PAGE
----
JAMES WIlLIS discusses his new book “Mysterious Milton Keynes“
I knew there was something odd about Milton Keynes from the moment I arrived. At first sight, one is reminded of the computer game ‘Sim City’there are so many straight lines, roundabouts and manicured spaces. But the genteel façade hides a dark web of conspiracy, occult, supernatural and legend.
During the course of three years deep research I met the paranoid, the terrified, the skeptical and the intrigued.
They helped me join the dots, make the connections and punch through the looking glass to expose the mysteries of Milton Keynes.
At the heart of the city, the district now known as Middleton was once home to a 400 year old cursed Elm tree. It was said that if the tree ever died, no more baby boys would be born within the borders of the then village. In the late 1980’s the tree succumbed to Dutch Elm disease, and was finally killed after being hit by a stolen car. Eerily, the trees demise coincided with the opening of the maternity unit at Milton Keynes General Hospital. There are no records of any home-births in the district since the tree died.
Newport Pagnell, (an historic constituent town swallowed up within the ever expanding borders of Milton Keynes) is home to so many haunted restaurants, pubs, bridges and plague fields, that it is widely regarded as one of the most spooky places in Britain.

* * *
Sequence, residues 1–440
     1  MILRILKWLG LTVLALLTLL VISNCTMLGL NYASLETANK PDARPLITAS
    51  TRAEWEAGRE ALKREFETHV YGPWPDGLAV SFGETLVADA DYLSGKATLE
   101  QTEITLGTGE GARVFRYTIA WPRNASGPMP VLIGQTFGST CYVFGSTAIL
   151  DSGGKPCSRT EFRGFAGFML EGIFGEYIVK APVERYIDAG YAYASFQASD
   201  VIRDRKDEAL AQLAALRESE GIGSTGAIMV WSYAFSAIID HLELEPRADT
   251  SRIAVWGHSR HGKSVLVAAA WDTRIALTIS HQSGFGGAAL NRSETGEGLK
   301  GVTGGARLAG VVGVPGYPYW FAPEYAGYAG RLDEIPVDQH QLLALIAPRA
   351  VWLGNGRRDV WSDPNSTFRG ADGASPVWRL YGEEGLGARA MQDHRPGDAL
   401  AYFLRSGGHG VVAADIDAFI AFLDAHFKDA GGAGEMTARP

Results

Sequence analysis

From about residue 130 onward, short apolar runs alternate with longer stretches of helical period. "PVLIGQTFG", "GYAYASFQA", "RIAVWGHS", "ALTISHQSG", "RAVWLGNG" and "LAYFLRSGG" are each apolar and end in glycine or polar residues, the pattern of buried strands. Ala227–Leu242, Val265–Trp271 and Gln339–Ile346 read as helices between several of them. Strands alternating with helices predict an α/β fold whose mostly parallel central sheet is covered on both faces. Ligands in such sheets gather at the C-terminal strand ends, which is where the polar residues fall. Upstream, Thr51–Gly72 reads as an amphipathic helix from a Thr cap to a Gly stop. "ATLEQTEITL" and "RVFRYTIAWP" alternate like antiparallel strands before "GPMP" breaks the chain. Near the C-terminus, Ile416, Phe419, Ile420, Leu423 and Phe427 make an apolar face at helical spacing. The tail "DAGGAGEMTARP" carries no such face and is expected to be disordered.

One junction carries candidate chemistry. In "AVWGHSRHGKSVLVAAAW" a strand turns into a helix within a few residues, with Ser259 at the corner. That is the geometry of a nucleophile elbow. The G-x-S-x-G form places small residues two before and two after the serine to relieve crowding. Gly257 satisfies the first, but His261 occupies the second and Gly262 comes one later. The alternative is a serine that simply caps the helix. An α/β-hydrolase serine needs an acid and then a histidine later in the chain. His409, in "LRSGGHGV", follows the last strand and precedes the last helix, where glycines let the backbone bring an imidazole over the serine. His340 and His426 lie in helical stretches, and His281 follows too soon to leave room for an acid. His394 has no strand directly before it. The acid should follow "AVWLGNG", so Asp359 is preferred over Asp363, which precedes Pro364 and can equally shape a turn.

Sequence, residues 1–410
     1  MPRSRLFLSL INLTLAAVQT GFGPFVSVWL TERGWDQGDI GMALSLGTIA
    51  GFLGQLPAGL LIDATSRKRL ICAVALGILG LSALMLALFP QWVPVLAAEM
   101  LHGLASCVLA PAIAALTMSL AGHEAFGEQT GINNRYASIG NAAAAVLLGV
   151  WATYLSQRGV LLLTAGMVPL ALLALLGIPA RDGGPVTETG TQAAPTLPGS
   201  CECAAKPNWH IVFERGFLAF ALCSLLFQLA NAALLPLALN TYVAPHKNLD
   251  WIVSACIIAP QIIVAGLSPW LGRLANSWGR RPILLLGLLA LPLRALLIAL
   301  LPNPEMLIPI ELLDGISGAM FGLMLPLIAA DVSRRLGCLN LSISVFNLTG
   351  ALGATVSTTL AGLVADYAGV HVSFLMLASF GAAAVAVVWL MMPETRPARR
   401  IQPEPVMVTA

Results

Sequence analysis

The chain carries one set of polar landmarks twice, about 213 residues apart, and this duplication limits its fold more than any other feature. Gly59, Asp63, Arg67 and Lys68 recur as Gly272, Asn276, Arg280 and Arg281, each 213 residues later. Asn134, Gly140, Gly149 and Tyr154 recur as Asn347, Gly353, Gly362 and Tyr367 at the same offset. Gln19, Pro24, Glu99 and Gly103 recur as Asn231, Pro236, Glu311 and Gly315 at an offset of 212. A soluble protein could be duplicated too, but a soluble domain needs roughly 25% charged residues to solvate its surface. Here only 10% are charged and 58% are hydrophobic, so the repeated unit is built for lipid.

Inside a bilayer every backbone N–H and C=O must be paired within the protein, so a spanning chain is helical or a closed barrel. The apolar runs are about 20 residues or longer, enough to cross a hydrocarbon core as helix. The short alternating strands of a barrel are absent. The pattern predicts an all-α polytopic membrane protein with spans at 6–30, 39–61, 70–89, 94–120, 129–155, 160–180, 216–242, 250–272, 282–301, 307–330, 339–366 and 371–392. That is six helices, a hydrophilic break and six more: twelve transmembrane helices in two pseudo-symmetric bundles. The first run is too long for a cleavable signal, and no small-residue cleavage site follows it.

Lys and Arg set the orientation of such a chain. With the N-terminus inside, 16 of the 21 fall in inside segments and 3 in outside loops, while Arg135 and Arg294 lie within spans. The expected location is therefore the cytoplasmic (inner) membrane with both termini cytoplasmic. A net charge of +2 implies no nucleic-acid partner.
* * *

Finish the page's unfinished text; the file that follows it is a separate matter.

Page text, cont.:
The Devil – it is said – once lived on the ancient Olney High Street, and was a regular drinker at ‘The Two Brewers’ Pub. Here, he caused so much mischief he had to be tricked into exile by a wily priest.
Hidden behind an industrial estate, one can find the Blind Pond, a lake that was- in the 19th century – revered as Britain’s very own Bermuda Triangle, regularly swallowing passing coaches.
Milton Keynes plays host to a menagerie of exotic feral species, most famous of which is the legendary ‘Milton Keynes Beast’ – a big cat who’s prints have been verified by experts from Whipsnade Zoo.
The town is also home to true relics of the Buddha, as well as a ‘miraculous’ Holy Glastonbury Thorn tree. The twelfth century All Saints Church in Bow Brickhill was sited by fairies – whose presence can still be felt in the surrounding ancient woodland.
As well as being completely aligned with the rising Midsummer Sun – and sitting upon a Ley Line – Milton Keynes is dominated by pyramid structures, monoliths, obelisks, standing stones and stone circles, the latter proving a magnet to local pagans and witches. Together with its plethora of sinister street art (masked figures, owls etc…), conspiracy theorists the world over have concluded that MK is a so–called ‘super hub’ of the shadowy Illuminati.
Whilst I’m confident that I have exposed the towns mysteries, I don’t think anyone will ever be able to explain them. But I think that’s OK, because we all need mystery and folklore to bring enchantment and magic into an otherwise predictable world.